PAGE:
Nortriptyline use while Breastfeeding
Drugs containing Nortriptyline: Pamelor, Aventyl Hydrochloride
Medically reviewed on November 30, 2017.
Nortriptyline Levels and Effects while Breastfeeding
Summary of Use during Lactation
Because of the low levels of nortriptyline in breastmilk, amounts ingested by the infant are small and usually not been detected in the serum of the infant, although the less active metabolites are often detectable in low levels in infant serum. Immediate side effects have not been reported and a limited amount of follow-up has found no adverse effects on infant growth and development. Most authoritative reviewers consider nortriptyline one of the preferred antidepressants during breastfeeding.
Nortriptyline is metabolized to E-10-hydroxynortriptyline and Z-10-hydroxynortriptyline, the antidepressant activity of each considered to be 50% of nortriptyline's.
Maternal Levels. Nortriptyline, a metabolite of amitriptyline, was measured in breastmilk in a mother who was taking amitriptyline 75 mg daily. Her milk levels were 75 and 63 mcg/L at 2 and 10 weeks, respectively, after starting treatment (time after dose not specified). After 19 weeks of therapy, an amitriptyline dose of 25 mg daily produced milk nortriptyline levels that were not detectable (<30 mcg/L).
A mother began taking nortriptyline 125 mg daily immediately postpartum and exclusively breastfed her infant. Milk samples were taken 9 times over 36 hours on days 6 and 7 postpartum. Peak milk nortriptyline levels of about 220 mcg/L occurred 8 hours after the dose, and the average of the 9 milk levels was 180 mcg/L. Milk levels measured on days 20 and 48 postpartum while the mother was taking 125 mg and 75 mg daily, respectively, were similar to the levels on days 6 and 7. Milk levels taken after feeding were much higher than those taken before feeding, probably because of higher concentrations in the more fat-rich hindmilk. The authors estimated that an exclusively breastfed infant would receive 27 mcg/kg daily or 1.3% of the maternal weight-adjusted dosage.
Another mother who was taking amitriptyline 175 mg daily had nortriptyline milk levels of 17 and 20 mcg/L on the morning and evening of the fist day of therapy and 87 mcg/L on day 26 of therapy. E-10-hydroxynortriptyline was found in milk in levels averaging 89 mcg/L over this time period.
Infant Levels. In a pooled analysis of 32 mother-infant pairs from published and unpublished cases, the authors found that infants had an average of 10% (range 0 to 24%) of the nortriptyline plasma levels of the mothers'; 1 of the 32 infants had a plasma level greater than 10% of the mothers', which was defined by the authors as being elevated. In mothers taking 75 to 150 mg/day of nortriptyline, E-10-hydroxynortriptyline was found in levels ranging from barely detectable (<4 mcg/L) to 16 mcg/L in the serum of 5 of 9 breastfed infants and Z-10-hydroxynortriptyline has been detected in levels ranging from barely detectable (<4 mcg/L) to 17 mcg/L in the serum of 5 of 9 breastfed infants.
Effects in Breastfed Infants
At least 44 infants have been reported to have been exposed to nortriptyline in breastmilk with no reports of adverse reactions with maternal dosages from 25 to 175 mg daily. The time of initial exposure ranged from the immediate newborn period to 3.5 months. The follow-up ranged from observation of the infants to full developmental testing.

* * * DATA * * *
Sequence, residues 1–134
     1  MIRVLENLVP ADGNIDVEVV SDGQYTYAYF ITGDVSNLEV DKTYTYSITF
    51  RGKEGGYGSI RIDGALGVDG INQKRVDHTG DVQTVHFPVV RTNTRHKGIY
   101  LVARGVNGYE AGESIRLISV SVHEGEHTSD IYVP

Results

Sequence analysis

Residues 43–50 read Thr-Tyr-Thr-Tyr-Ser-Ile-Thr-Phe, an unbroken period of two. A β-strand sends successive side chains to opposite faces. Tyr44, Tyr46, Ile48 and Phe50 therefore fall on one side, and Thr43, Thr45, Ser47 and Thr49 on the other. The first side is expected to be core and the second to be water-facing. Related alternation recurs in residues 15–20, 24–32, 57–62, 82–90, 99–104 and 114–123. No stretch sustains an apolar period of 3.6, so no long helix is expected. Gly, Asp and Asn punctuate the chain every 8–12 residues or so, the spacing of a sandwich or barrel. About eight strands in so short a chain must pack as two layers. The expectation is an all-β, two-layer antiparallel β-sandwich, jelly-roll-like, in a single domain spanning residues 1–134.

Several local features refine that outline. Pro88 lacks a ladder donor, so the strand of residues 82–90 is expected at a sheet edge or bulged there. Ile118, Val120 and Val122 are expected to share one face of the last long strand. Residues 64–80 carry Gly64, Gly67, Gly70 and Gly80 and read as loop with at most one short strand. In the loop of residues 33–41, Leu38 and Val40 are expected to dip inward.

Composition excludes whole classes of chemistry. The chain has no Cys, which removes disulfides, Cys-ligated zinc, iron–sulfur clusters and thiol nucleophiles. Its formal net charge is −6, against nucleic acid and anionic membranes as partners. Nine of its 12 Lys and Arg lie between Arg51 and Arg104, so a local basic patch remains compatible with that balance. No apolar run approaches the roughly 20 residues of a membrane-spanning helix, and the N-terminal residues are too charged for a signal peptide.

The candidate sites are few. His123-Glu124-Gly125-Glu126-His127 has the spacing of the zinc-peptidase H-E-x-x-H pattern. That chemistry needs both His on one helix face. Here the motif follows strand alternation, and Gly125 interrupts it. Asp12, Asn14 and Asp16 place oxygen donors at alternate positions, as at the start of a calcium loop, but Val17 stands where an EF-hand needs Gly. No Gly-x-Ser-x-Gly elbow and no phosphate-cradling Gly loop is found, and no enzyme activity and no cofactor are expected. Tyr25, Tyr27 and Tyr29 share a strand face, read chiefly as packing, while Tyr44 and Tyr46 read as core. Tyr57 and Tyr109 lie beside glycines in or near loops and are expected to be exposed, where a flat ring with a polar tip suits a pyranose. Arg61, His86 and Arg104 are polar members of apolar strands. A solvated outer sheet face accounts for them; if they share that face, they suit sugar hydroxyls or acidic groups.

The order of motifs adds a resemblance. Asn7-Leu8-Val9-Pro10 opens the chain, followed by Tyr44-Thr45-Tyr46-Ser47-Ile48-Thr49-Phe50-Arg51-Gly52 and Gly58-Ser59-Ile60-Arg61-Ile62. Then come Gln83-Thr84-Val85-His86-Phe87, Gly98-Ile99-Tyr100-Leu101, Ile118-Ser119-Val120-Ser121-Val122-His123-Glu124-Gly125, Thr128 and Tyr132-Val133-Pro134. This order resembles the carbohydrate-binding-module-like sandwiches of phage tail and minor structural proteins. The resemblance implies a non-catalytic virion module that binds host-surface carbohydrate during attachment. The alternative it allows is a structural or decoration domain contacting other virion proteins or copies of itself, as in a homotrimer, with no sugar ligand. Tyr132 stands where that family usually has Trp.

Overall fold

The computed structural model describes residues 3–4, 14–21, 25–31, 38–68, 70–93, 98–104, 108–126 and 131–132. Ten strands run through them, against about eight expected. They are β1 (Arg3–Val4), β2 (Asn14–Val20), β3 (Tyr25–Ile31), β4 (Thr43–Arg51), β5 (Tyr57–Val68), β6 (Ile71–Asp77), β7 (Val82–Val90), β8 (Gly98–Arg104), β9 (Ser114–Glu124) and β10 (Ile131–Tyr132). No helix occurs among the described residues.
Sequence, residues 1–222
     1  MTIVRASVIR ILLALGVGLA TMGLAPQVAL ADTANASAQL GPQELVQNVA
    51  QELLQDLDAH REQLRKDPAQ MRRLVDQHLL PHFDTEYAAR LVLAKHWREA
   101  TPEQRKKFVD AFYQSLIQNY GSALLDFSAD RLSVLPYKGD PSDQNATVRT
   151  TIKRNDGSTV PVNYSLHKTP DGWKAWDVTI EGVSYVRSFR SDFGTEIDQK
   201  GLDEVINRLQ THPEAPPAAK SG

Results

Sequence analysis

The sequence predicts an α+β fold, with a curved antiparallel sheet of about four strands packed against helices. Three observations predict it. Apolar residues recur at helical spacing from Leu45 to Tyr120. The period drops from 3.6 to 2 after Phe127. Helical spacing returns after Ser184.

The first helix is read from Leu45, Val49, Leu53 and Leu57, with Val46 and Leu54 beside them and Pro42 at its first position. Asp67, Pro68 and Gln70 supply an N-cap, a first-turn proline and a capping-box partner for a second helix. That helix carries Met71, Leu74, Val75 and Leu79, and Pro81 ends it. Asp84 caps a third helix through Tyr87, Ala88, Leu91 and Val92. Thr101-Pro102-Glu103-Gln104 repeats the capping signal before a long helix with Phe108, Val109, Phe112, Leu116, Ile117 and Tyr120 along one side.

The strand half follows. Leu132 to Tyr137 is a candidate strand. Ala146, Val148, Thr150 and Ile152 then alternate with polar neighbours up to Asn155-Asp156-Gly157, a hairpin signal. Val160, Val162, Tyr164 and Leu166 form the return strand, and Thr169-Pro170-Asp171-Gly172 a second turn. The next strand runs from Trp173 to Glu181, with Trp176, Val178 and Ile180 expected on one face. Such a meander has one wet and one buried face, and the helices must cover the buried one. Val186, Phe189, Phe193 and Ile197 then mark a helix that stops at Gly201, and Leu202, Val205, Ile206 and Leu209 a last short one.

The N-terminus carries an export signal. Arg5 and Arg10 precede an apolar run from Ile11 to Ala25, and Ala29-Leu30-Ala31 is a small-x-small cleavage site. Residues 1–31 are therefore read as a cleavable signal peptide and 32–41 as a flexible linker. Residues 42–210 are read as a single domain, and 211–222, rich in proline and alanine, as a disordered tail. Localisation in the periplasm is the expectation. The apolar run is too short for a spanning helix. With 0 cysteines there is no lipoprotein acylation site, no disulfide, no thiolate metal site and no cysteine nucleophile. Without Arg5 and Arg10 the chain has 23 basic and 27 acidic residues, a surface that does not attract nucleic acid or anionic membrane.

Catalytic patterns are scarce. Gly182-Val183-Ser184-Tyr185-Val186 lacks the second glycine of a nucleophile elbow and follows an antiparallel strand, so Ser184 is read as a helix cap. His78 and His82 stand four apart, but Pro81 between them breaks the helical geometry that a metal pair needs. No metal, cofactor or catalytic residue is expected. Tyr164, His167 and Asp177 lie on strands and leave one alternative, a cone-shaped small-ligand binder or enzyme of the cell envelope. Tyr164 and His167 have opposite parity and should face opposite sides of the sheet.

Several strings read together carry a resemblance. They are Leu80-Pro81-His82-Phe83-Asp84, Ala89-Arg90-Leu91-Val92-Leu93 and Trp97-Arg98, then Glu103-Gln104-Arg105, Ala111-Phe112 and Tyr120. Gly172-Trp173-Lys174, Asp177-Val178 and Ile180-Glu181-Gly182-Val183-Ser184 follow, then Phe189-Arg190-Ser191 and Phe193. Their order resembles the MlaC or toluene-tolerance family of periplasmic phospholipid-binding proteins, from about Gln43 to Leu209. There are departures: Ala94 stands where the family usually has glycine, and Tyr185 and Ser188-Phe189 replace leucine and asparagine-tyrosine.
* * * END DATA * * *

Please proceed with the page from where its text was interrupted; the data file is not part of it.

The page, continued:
Twenty-seven of the above infants were tested formally between 15 to 71 months and found to have normal growth and development. Two small controlled studies found that other tricyclic antidepressants in breastmilk also had no adverse effect on infant development.
Effects on Lactation and Breastmilk
Nortriptlyine usually increases serum prolactin only slightly, but has caused galactorrhea in nonpregnant, nonnursing patients rarely.
An observational study looked at outcomes of 2859 women who took an antidepressant during the 2 years prior to pregnancy. Compared to women who did not take an antidepressant during pregnancy, mothers who took an antidepressant during all 3 trimesters of pregnancy were 37% less likely to be breastfeeding upon hospital discharge. Mothers who took an antidepressant only during the third trimester were 75% less likely to be breastfeeding at discharge. Those who took an antidepressant only during the first and second trimesters did not have a reduced likelihood of breastfeeding at discharge. The antidepressants used by the mothers were not specified.
A retrospective cohort study of hospital electronic medical records from 2001 to 2008 compared women who had been dispensed an antidepressant during late gestation (n = 575) to those who had a psychiatric illness but did not receive an antidepressant (n = 1552) and mothers who did not have a psychiatric diagnosis (n = 30,535). Women who received an antidepressant were 37% less likely to be breastfeeding at discharge than women without a psychiatric diagnosis, but no less likely to be breastfeeding than untreated mothers with a psychiatric diagnosis. None of the mothers were taking nortriptyline.
Alternate Drugs to Consider
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